McQueenie Mulholland

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Looking for a Grant? It’s time to ‘Do Your Homework’!

StrategyAmanda StrowgerComment

 As we start a new academic year, it’s a good time to reflect on our priorities. As a Trust and Grant funding specialist, people are often surprised that I spend so much time doing research. Whilst a good funding application is important, the foundation for success lies in doing your research. 

I recently attended an excellent Trust fundraising workshop with a panel of Trust funders. All of the panel members were happy to receive phone calls from prospective applicants, learn about their charities and projects and give advice on applying to their fund. But, this came with a word of warning – they expected fundraisers to have done their homework!

Here are my top tips for doing your homework:

1.     Prepare – Identify key information about your organisation or the project you are seeking to fund that your potential funder would want to know. Think about your beneficiary groups, location, type of project (capital work, project funding, core costs) and the project budget. For each aspect of project, consider how this fits with the funder you are planning to approach. Can you evidence that you meet all of their criteria and show that your work will deliver the outcomes they are looking to achieve?

2.     Do your ‘history homework’ – If the funder doesn’t have a lot of information on a website, the best way to learn more about their interests is to look at who they have funded before. Look back over their Accounts for the previous few years. Who have they funded? What levels of grant have they given? Have there been any changes in their strategy? Can you identify patterns in giving? For example, have organisations received grants over multiple years, or do they always give one-off grants?

3.     Research on a ‘student budget’ - You can make great use of free resources to do your research. If the Trust has a website, this is always the best starting point. The Charity Commission Register lists all Trusts registered in England and Wales, where you can find the Trust’s Annual Accounts, details of where the Trust operates and a list of their Trustees.  You can also look at the websites and Annual Accounts of other charities funded to see if these give further information on the grants they have received and what they were used for. If the Trust doesn’t publish the grants they give, a simple internet search can bring up results from charities thanking their supporters, either in their accounts or in press articles.

4.     Focus on your best ‘subjects’ – You can’t do high level of research on every funder you might approach. Set your own criteria for your top prospects, based on the size and scale of your project. Your top prospects are those that have the potential to give the most significant grants towards your project. If a Trust has a clear website, plenty of information on their criteria and who they support and a clear application process, this should provide everything you need to make a good application. Where there is less information available, but there is potential for a significant grant, invest more time in researching these funders.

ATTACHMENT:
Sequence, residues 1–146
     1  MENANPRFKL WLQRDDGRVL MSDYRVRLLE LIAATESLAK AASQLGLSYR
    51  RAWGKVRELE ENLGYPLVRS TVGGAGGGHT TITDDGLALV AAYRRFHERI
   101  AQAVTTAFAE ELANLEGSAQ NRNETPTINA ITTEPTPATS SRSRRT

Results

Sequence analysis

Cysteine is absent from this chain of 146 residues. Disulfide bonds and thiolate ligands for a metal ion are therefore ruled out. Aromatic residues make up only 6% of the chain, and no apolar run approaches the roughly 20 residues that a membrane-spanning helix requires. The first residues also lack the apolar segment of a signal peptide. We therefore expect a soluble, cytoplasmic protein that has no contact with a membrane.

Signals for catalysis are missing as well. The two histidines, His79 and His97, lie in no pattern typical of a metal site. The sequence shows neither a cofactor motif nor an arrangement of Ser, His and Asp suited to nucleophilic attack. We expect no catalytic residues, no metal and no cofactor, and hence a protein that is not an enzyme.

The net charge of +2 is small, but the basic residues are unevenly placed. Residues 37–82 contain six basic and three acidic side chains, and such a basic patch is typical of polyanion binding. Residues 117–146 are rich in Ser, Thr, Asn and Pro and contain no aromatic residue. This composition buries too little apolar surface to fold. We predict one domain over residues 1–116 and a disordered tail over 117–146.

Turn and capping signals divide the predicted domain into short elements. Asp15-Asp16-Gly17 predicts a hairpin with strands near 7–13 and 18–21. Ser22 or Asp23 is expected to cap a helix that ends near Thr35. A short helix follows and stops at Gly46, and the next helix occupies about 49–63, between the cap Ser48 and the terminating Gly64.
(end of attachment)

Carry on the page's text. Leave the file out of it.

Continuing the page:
5.     ‘Phone a friend’ – Information about some Trusts can be elusive. Many don’t publish information online and prefer to stay out of the spotlight. If you have found other organisations that have received grants from the funder you’re researching, pick up the phone and give them call. Most fundraisers are happy to share their experiences and point you in the right direction.

There are also some excellent networking groups. For example:

  • The Institute of Fundraising has a Special Interest Group for Trust fundraisers, including a very active email group.

  • If you’re Exeter based, there’s an Exeter Fundraiser’s group which meets regularly and shares information via a Facebook group.

Once you’ve done your homework, you can do the most important step of all and phone the funder. Prepare for the call in advance. Be clear about how you want to introduce your organisation or project in line with the Trust’s criteria. Think of one or two questions that aren’t answered on their website – and, most importantly, make sure you can show that you’ve done your homework! Once they have confirmed they are happy to receive an application from you, you can be confident that your application will sail through the first hurdle of ineligible applications, avoid the waste paper bin, and receive the consideration it deserves.

If you’d like more advice on researching potential funders, do get in touch. We have access to additional research resources and can help you to research potential funders.

Let’s all start the new academic year with a resolution to keep on top of our homework!